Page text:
White Composite Filling
Traditionally standard fillings have been made out of silver material called amalgam, however many people find it unattractive and unsightly. White fillings are very popular alternatives to amalgams. Sometimes, it is even impossible to see if the tooth has a filling.
White fillings are more natural looking than the regular metallic (amalgam) fillings. Metallic fillings can turn black with age and they are easy to see inside your mouth. White fillings match the colour of your teeth. Therefore, they give your teeth a more natural look. White fillings strengthen the cured tooth. White fillings do not conduct extreme hot and cold temperature like metallic fillings. Therefore, your teeth will not be as sensitive after treatment compared to metallic filling. White fillings are placed directly by the dentist and require just one appointment. Patients that are having their amalgam fillings replaced often choose having one complete side at a time replaced. In that way all silver fillings in the mouth can be replaced in only four appointments. If you have minor tooth decay or if you want to replace an existing metallic filling, you may be a good candidate for white fillings.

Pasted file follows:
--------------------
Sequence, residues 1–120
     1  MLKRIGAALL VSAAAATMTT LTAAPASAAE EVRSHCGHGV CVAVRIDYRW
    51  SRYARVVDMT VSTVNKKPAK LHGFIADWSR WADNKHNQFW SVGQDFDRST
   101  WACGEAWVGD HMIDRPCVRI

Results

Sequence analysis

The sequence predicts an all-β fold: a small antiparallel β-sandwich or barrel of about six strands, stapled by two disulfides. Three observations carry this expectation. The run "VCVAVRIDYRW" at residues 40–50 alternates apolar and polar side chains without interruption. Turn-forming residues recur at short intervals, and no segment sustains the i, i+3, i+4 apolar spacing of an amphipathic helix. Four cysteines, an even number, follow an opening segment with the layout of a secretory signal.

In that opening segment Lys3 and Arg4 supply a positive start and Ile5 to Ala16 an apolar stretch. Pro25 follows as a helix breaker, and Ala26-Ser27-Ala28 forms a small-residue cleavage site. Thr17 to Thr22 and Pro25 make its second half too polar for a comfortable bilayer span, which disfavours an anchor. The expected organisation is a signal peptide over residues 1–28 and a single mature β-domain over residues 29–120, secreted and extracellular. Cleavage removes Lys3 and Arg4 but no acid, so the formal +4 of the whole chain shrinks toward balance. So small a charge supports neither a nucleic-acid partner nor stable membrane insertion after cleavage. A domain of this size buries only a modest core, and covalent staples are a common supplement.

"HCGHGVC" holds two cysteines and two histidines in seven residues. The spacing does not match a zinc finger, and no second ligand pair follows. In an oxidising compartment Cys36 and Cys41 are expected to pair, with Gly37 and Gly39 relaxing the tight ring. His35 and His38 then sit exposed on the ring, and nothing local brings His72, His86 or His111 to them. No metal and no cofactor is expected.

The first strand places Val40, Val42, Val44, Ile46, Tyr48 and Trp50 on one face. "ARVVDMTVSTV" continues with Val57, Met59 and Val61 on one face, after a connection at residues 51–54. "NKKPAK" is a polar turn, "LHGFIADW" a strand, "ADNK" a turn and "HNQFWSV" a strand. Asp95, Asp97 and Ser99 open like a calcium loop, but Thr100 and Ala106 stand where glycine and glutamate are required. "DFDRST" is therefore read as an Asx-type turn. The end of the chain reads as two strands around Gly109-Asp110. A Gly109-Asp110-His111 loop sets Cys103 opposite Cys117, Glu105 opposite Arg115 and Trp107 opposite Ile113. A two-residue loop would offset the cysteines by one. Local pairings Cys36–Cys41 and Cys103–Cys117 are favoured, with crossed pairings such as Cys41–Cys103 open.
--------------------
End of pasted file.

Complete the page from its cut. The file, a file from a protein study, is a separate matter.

The Filling Procedure
Normally your dentist will notice any problematic areas on your teeth throughout your regular check ups, and as a result of this it is important that you visit a dentist on a regular basis, about once a year. If a cavity hasn’t been spotted throughout your check ups then it will become apparent as the pain increases and your tooth becomes more and more sensitive. In this case you will have to arrange an emergency appointment.
When the tooth has been identified then your dentist will want to fill it as soon as possible in order to prevent any further damage. They will clean the cavity and remove any dead or decayed elements using drills or other techniques such as air abrasion.
The tooth will be contained, and moisture from the area removed so that the filling can stick properly. An adhesive is placed to the affected area so that the filling will stick and stay in place, and then the composite filling is applied. Sometimes a light source will be used to properly bond the agents together, and you will be left with a filled cavity.